Monday, December 23, 2013

An 'accidental' tradition.

You can always assume that when we bring our Christmas tree in the house it will be about a foot and a half too tall. So what do we do? We hack away at it from the top down. 'Cause that's how we roll.

But don't fear, it really doesn't change the look of the tree all that much. It's still all limbs and as wide as it is tall, and taking up half the living room as if it's afraid someone might forget that IT'S CHRISTMAS!

This is my view when I look left while sitting in my favorite chair:

When Steve sits in his favorite spot on the end of the couch we have to look at each other through spindly branches and around homemade ornaments. The star at the top is cardboard, made by Rachel. We used to have an angel. She might still be in another box I haven't gotten out, but I kinda' like the star.

Our tree came from family property behind our house. We haven't always gone out and cut our own tree, but a few years ago we were pretty broke at Christmastime and didn't want to (or just couldn't) spend the money to buy one, so Steve took the kids out back and found one for free.

It was so huge, so wide. It seemed ridiculous that we would bring it in the house. But we got it covered in lights and as many ornaments as those wispy branches would hold up. It was perfect.

So in the years since then the kids have asked each year when dad would take them out to pick out a tree. Even the times I have quietly mentioned how I would like a tall, thin, perfectly trimmed and sturdy-branched tree ... from a Christmas tree farm, perhaps ... the kids have poo-pooed the idea in favor of trudging out to the woods with dad to pick a very natural, homegrown evergreen.

I will admit drooling a bit over the gigantic, lush spruce that stands at the front of our church. But our tree at home - our "aggressively festive" tree, as one friend calls it - is just as beautiful.

  This year's pick (and my lumberjack husband sizing it up):

This was the first year I went with Steve and the kids to pick out the tree. It was fun - and being out there in the woods is always inspiring but particularly so when everything is covered with about a foot of snow.

We actually didn't bring the tree home on the first round. Steve's chainsaw wasn't working right, so we made mental note of where it was and went back another day.

Rach and I threw a few snowballs while Steve did the work.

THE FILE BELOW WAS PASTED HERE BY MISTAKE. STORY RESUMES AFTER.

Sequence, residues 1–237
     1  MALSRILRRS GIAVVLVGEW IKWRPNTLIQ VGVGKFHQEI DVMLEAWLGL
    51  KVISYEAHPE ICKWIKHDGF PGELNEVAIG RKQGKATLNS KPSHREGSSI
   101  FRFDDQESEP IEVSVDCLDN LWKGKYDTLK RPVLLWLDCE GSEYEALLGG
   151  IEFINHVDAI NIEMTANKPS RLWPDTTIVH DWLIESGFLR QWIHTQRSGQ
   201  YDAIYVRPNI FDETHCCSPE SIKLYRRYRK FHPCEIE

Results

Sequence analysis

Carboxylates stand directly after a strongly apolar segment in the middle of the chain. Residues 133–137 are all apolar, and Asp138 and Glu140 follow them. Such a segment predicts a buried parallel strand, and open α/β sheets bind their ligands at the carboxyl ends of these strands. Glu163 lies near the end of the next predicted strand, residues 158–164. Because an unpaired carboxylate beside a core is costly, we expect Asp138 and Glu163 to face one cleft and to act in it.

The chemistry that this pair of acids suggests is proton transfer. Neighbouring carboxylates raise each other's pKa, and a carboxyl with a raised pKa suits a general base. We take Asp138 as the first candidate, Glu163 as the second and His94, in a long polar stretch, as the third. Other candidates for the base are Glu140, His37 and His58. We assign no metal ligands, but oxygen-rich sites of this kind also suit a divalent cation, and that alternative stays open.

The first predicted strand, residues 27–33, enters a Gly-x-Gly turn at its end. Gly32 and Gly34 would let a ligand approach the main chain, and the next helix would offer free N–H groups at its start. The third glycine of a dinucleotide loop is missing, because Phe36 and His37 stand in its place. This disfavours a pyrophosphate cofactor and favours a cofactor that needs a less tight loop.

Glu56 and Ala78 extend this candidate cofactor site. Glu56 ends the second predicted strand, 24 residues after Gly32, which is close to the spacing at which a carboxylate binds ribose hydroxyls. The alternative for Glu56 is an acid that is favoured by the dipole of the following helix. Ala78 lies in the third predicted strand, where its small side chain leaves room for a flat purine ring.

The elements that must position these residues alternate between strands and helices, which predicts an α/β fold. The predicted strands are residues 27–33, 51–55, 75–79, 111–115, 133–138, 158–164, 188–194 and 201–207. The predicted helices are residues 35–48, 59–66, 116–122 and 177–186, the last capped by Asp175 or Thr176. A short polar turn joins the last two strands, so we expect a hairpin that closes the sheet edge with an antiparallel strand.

It's funny how things work out. That first year Steve and the kids brought the tree in it looked so ridiculous it felt like a joke. Then the next year when the kids requested the same thing I'm sure I rolled my eyes a bit, but decided we could work with it. Now the thought of spending money on something we could get from our back yard for free seems almost silly.

Sometimes the best traditions are the unexpected ones that just happen. I like this one.

Tuesday, December 10, 2013

When the message smacks you right in the face.

Some weeks ago a friend posted on Facebook asking if anyone was interested in a Bible study based on the book "7" by Jen Hatmaker.

I jumped. Not only have I been craving a little more time spent in and studying The Word, but this part-time journalist/full-time mama and homemaker could really use a regular date with a few other adult women.

Fast forward a few weeks to now. I dive into 7 and I am immediately convicted.

I'm laughing, because Jen Hatmaker is hysterical and I adore her girl-in-the-next-pew, nobody's-perfect style. I am devouring the book. But I am also stopping every few paragraphs, going back and re-reading, reflecting on my own life, my family's consumerist habits and the very basic things we take for granted like all the clean water we could want and a warm, secure place to sleep at night.

(Go ahead. If you haven't already, Google Jen Hatmaker. I'll wait.) 

Reading this book now is perfect timing for me. Steve has been off work since the week of Thanksgiving, and probably won't be starting his next project until after the first of the year. This wasn't unexpected. We knew he would have some time off this winter, and I actually looked forward to having him here at home through the holidays.